Altex negotiates directly with the rail carriers to provide an “all in” toll for the use of Altex’ rail system whichincludes: loading terminal fees, customs services, regulatory and "pipeline" management fees.
If you are interested in shipping oil with Altex contact the Corporate & Business Development Department.
Vice President Corporate Development & Logistics
Sr. Manager Business Development
Comparing the economics of shipping heavy crude oil or bitumen on pipeline versus rail requires understanding the following concepts:
- Normalization of units shipped
- The diluent penalty
- Embedded costs that aren’t readily apparent
The following chart summarizes the example of shipping one barrel (42 US gallons) of pure bitumen 2,500 miles from the Fort McMurray area to the US Gulf coast. Origin gathering and destination distribution are not considered since in both cases the oil has to be brought to either the pipe head or rail head by truck or pipeline at origin and distributed at destination by local distribution networks.
Rail costs assume loading 567 barrels of 956 kg/m3 at 15ºC (12API) undiluted bitumen into 25,330 US gallon tank cars with a track weight limitation of 268,000 gross weight on rail (GWoR). Rail rates are calculated using the American Association of Railways published 2015 cents per ton-mile average rail rates for all services all types of commodities (generic rail rate, non-negotiated).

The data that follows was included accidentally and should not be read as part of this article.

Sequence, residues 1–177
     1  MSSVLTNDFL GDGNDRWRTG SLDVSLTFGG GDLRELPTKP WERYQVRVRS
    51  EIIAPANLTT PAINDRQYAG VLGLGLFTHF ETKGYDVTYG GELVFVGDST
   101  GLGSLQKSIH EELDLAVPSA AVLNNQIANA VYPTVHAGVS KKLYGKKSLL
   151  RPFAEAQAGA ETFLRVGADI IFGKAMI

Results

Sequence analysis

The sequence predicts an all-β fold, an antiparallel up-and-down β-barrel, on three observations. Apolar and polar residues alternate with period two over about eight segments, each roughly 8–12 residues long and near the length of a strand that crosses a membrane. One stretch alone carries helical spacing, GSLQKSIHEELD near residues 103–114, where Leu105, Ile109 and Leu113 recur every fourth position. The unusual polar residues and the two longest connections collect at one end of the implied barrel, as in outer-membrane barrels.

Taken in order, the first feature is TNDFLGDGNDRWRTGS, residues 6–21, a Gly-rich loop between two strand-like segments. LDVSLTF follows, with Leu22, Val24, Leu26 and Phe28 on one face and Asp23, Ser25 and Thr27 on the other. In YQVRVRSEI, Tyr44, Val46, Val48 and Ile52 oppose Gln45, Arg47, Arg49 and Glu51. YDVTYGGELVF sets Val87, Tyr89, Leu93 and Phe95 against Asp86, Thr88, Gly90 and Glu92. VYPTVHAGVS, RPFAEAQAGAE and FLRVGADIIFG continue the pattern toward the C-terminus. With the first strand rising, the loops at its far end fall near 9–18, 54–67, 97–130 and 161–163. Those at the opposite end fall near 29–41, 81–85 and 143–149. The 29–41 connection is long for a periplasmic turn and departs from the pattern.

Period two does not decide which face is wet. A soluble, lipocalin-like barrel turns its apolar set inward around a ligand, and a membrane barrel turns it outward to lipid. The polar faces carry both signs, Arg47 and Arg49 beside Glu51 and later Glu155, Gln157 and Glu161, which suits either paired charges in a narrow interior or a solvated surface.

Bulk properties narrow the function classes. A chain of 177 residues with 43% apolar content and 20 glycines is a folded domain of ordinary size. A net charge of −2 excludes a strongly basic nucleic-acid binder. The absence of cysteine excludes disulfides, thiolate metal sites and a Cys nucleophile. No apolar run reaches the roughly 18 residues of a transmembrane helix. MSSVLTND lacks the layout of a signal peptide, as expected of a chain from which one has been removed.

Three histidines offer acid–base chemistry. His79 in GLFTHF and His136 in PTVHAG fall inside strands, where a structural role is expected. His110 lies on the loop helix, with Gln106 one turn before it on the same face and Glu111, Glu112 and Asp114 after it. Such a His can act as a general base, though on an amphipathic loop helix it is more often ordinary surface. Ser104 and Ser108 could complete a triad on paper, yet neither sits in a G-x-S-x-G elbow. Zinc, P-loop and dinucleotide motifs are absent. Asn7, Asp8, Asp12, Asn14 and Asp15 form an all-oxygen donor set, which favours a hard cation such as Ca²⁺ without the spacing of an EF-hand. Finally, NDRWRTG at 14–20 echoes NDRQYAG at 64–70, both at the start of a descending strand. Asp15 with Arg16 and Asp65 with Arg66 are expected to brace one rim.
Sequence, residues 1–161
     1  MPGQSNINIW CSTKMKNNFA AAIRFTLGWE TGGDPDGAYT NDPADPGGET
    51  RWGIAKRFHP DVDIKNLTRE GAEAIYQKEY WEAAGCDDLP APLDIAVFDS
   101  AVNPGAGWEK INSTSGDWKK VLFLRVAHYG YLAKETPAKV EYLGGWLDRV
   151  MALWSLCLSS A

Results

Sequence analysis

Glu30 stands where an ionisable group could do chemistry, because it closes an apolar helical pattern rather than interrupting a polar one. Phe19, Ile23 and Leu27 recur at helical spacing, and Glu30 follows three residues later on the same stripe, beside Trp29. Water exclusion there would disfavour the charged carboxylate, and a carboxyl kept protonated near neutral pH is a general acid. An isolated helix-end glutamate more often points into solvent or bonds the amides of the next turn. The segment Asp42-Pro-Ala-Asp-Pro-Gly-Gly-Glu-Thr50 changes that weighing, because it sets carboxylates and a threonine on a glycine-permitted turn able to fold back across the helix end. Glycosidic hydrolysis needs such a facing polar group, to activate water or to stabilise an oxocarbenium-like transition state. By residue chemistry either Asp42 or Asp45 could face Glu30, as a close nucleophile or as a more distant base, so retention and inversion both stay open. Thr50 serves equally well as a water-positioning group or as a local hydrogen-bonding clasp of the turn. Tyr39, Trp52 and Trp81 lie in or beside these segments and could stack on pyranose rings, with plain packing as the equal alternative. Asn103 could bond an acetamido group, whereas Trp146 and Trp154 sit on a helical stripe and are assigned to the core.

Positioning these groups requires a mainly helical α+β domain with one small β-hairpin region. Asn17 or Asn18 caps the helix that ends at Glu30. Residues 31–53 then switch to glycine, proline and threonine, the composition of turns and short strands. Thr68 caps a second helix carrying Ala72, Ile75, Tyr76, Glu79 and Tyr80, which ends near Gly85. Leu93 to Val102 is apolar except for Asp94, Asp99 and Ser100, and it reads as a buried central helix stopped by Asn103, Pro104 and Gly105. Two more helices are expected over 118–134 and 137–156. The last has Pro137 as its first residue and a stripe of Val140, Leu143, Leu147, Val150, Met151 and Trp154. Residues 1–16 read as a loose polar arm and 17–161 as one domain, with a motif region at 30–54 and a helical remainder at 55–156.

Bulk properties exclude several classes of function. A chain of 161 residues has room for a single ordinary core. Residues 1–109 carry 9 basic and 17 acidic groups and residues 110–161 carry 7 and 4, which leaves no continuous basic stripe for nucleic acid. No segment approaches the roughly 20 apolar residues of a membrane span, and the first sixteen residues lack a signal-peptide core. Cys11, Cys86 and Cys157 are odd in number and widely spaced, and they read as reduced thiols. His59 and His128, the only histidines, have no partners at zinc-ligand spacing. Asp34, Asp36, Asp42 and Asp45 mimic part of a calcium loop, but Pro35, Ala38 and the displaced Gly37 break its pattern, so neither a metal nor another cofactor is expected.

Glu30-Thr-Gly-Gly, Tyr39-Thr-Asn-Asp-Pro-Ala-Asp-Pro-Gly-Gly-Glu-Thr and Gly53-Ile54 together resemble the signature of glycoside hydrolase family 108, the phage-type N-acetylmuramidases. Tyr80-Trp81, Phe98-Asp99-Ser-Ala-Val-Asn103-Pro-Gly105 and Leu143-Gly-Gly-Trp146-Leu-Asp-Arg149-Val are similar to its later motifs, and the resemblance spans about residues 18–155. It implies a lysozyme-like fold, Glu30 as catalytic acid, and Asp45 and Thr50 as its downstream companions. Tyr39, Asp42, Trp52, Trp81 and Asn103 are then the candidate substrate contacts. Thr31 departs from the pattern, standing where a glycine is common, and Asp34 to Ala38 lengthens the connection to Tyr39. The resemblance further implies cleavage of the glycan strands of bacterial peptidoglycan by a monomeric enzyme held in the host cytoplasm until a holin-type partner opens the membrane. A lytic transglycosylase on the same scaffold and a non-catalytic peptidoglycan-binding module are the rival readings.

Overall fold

The chart compares 5 scenarios:
- Long term commitment costs on both diluted bitumen (“dilbit”) and condensate (“diluent”) pipelines
- Interruptible (uncommitted) costs on both dilbit and condensate pipelines requiring trucking of condensate from a typical condensate hub in Edmonton to the Ft. McMurray area
- Undiluted bitumen on rail using generic readily available non-negotiated rates (AAR Generic)
- Dilbit on rail using generic readily available non-negotiated rates (AAR Generic)
- Undiluted bitumen on rail using generic readily available non-negotiated rates (AAR Generic) discounted 25% for unit train service
The chart shows that undiluted shipments of bitumen or heavy oil by rail is very competitive with pipelines being 12% to 31% less for rail versus committed pipelines. However, when diluent is added rail becomes uncompetitive. Comparing the diluted versus undiluted costs shows the very large negative impact the “diluent penalty” has on costs regardless of mode of transport. The following sections are for those interested in the detail of the model calculations for the chart.
Understanding the Cost Components
Heavy Crude Pipeline Tolls